Putting on sunscreen should be a daily step in protecting our skin from the sun, and Allure  shares some stats about why it's so important for everyone (especially men).
I pop open a tube of sunscreen while I'm comfortably stretched out beside a swimming pool, or when I head out for a summer run. But otherwise? We should all protect ourselves from UV rays, but like the average guy, my commitment to sun protection — by which I mean the lack of it — is the opposite of a bad habit. It's pure, guilt-free laziness. And it's potentially deadly.
Melanoma, the most lethal of skin cancers, kills twice as many men as women — even though it's easily prevented. For men, the peak age of onset is 40. In other words, melanoma is a young man's disease. "The reason is because the majority of men do not apply sunscreen at all," says Ellen Marmur, an associate clinical professor of dermatology, genetics, and genomic research at Icahn School of Medicine at Mount Sinai in New York City. "They're accumulating sunburns and suntans, which raise their risk of skin cancers many, many times."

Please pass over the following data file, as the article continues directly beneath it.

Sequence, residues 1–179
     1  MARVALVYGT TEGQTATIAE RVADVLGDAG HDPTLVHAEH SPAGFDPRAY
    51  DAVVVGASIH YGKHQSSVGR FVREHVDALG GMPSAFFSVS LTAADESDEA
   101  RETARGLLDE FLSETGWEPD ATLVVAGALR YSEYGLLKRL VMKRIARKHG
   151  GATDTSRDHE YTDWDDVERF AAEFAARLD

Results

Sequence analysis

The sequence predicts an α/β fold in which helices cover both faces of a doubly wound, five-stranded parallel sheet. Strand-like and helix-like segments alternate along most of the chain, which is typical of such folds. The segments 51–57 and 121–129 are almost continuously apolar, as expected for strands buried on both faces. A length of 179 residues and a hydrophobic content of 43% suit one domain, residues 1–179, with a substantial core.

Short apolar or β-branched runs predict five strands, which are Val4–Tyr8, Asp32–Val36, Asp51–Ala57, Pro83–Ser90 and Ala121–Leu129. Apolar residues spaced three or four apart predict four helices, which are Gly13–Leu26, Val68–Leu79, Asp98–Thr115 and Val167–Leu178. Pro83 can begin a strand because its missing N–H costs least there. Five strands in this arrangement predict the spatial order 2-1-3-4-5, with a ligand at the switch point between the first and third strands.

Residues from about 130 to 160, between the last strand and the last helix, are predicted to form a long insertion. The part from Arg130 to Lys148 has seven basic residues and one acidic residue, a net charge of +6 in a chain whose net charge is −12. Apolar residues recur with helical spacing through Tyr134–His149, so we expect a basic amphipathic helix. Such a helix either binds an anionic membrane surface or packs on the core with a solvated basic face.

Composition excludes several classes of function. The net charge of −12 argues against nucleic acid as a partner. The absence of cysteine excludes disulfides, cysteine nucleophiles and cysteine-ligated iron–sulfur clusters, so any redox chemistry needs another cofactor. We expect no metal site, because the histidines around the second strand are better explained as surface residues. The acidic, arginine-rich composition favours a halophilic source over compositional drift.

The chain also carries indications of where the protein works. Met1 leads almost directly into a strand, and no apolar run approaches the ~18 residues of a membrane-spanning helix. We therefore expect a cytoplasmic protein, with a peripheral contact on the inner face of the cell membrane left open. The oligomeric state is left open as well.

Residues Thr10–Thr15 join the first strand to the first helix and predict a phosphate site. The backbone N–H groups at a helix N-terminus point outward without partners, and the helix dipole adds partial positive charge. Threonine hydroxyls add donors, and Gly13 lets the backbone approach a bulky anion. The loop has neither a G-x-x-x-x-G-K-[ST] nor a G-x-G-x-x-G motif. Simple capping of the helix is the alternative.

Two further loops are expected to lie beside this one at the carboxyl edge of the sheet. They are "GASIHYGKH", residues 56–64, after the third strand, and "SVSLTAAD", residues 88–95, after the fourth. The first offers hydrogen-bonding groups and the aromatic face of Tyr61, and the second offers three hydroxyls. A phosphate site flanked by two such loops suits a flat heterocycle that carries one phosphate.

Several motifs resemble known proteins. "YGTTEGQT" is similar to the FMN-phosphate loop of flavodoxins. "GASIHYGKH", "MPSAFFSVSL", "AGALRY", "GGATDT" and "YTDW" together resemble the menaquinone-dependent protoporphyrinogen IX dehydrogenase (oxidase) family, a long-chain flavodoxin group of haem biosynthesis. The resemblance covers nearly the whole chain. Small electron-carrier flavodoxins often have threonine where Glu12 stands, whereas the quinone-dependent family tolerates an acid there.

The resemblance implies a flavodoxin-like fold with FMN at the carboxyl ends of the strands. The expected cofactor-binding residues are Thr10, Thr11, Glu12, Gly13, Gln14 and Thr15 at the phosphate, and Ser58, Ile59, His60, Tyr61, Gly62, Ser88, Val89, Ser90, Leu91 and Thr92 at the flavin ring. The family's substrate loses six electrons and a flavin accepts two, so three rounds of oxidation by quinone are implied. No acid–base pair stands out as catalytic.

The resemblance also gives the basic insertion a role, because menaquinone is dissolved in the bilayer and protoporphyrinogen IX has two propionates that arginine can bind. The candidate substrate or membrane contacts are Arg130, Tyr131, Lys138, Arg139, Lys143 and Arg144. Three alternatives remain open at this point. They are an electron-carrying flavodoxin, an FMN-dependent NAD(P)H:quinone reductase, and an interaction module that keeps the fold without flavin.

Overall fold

Here's a typical scenario. A guy might apply a small amount of spray or lotion to his face but neglect his neck and body (the number-one site for melanoma in men is on the back). Then, when the shirt comes off, he's exposed to the sun all over. He doesn't realize just how badly he needs sunscreen until later that night when the painful burn begins. And by then, it's too late. "Men are in sunscreen denial," says Marmur, a skin cancer survivor herself, who works to raise awareness about sun protection.
So as Summer gets under way, I have a request. Every time you put on sunscreen, reach out to the male standing nearest to you and slap some on his face, back, neck, ears, and, if he has one, his bald head. Those are the most common areas for sun damage. We should all be doing this every day of the year, says Marmur. But let's worry about Winter later. Happy Memorial Day.
Visit Skin Cancer: Take a Hike  to learn about Ellen Marmur's latest project to combat skin cancer.
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